Sound Value: Podcasting in Content Marketing

3 Points to Consider Before Starting your Show


When we hear the term podcasting, Serial probably comes to mind. Serial was the “fastest podcast to reach 5 million downloads and streams in iTunes’ history”. Part investigative journalism, part entertainment, this product from the creators of This American Life, itself a extremely successful podcast (and radio show), has had investors seriously looking at the genre of podcasting as a growth medium. The number of podcast networks is also growing. Slate has Panopoly, and former This American Life producer, Alex Blumberg, snagged USD 1.5 million in startup funding to form yet another podcast network, Gimlet Media. Blumberg created a podcast Start Up to document his journey and to get the attention of investors. Those programs and networks are funded by paid advertisements. Top shows command CPM rates of between USD 20–45 compared to radio of between USD 1–20.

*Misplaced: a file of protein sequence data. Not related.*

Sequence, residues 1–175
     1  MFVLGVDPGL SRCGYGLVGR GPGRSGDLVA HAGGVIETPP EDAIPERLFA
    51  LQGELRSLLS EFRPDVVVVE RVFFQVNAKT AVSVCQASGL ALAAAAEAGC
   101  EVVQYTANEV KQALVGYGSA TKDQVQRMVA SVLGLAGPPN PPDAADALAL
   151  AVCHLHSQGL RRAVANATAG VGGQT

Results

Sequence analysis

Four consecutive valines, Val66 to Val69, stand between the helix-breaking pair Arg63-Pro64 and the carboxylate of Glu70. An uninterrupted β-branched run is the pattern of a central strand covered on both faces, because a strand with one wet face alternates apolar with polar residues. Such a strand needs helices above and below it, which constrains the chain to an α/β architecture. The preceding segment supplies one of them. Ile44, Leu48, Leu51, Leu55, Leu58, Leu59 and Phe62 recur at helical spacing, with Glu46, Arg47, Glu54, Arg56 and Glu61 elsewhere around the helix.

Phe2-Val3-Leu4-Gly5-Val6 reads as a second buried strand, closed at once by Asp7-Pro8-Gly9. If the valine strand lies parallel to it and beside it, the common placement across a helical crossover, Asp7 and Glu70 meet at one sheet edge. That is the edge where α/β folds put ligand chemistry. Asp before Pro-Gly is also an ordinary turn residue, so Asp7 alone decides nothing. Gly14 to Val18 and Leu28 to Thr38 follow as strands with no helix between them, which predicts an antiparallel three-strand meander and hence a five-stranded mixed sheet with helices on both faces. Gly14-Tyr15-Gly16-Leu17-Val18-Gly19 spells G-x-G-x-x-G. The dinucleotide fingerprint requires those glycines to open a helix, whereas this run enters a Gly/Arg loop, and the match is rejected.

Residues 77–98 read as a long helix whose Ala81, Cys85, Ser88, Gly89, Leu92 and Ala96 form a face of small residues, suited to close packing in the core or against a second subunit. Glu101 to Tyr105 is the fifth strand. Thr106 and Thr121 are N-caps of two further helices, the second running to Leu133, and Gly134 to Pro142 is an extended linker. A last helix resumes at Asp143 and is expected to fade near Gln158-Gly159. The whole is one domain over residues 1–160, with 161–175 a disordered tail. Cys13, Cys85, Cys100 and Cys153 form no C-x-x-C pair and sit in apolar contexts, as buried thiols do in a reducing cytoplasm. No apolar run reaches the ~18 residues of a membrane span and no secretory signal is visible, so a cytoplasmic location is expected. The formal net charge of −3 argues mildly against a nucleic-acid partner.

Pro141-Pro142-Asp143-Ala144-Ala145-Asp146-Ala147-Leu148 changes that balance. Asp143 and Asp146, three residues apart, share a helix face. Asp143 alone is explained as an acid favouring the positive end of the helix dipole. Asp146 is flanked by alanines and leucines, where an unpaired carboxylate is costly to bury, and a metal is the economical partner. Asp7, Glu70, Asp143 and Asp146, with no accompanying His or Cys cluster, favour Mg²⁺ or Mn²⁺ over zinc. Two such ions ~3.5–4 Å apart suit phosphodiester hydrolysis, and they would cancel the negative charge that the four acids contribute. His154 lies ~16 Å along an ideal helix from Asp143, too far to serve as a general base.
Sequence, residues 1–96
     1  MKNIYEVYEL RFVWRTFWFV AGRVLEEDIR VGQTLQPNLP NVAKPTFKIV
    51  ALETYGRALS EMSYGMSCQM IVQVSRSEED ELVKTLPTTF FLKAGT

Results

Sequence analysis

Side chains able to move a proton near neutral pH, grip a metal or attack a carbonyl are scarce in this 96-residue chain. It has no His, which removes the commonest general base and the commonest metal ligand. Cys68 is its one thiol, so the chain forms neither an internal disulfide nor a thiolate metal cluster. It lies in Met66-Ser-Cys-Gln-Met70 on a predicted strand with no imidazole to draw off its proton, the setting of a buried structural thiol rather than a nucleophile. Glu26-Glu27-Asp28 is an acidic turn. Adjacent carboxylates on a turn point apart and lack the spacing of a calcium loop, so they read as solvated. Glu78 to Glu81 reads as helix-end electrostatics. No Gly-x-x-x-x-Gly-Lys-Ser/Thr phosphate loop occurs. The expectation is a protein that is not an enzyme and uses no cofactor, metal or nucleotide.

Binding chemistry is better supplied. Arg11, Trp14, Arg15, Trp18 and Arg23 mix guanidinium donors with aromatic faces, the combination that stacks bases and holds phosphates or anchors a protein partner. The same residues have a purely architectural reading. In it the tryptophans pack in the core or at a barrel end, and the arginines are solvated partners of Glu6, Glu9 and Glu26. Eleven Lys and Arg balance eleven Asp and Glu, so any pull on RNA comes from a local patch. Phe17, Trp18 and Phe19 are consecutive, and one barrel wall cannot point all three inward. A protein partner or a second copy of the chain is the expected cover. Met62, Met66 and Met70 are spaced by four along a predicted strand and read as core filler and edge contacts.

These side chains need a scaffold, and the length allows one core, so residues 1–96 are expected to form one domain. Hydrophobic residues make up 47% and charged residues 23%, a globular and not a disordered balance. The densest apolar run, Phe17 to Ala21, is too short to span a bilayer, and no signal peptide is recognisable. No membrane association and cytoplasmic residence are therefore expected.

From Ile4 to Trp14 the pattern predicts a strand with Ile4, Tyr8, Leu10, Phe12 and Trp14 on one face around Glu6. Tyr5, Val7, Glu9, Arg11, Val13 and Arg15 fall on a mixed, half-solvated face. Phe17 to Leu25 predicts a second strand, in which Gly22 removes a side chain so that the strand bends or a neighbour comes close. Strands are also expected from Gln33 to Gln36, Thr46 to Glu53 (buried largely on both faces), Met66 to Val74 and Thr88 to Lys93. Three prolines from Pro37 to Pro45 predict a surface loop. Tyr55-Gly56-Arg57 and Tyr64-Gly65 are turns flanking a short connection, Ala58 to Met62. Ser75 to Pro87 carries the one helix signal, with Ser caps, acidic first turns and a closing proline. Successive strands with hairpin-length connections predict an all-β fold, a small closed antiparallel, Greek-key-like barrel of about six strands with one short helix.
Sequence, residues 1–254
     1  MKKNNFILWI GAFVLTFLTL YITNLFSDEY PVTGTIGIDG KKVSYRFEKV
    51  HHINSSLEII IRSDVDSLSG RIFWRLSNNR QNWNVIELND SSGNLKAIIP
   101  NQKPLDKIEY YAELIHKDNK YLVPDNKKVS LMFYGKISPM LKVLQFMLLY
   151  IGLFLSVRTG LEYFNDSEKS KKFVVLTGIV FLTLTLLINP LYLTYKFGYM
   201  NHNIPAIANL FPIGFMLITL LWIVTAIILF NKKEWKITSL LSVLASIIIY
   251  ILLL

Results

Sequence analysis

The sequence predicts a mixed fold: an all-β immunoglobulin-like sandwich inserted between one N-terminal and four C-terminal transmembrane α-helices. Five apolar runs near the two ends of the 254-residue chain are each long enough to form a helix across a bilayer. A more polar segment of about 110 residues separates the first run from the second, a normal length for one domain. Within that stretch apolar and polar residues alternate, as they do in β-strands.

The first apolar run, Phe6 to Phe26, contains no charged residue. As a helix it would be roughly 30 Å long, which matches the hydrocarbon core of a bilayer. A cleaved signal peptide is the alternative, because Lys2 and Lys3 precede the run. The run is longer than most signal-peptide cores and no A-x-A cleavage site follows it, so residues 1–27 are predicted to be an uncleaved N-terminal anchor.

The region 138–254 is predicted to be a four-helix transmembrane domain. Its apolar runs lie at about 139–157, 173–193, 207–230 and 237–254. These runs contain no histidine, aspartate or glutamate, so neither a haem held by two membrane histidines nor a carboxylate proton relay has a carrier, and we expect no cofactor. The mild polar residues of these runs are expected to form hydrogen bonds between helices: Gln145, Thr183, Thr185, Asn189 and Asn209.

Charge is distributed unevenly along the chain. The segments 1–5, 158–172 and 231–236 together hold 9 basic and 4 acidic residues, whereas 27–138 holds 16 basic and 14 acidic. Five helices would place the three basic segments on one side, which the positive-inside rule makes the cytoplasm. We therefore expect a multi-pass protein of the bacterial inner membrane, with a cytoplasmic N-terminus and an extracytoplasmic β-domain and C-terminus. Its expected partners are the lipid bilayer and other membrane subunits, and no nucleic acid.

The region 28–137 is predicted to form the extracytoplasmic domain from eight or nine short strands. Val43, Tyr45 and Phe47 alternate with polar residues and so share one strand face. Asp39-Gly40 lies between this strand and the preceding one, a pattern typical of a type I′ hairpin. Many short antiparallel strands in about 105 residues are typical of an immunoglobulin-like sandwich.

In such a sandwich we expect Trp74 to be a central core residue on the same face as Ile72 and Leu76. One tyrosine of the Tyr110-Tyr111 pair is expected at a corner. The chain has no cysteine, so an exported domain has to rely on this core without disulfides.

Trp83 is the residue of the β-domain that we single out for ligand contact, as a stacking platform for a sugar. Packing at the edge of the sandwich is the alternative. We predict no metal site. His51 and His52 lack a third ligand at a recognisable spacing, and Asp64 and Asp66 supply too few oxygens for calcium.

While one can dream of creating one’s own advertisement-funded show, and perhaps make that a reality like Alex Blumberg, I’d hazard a guess that the question of whether to start a podcast for their organization has crossed the minds of many a content marketer.

So where does podcasting fit in the content marketing universe? To ask a more basic question, is podcasting even relevant to content marketing? And what are some key considerations for an organization that wants to start a podcast show as part of its content marketing strategy?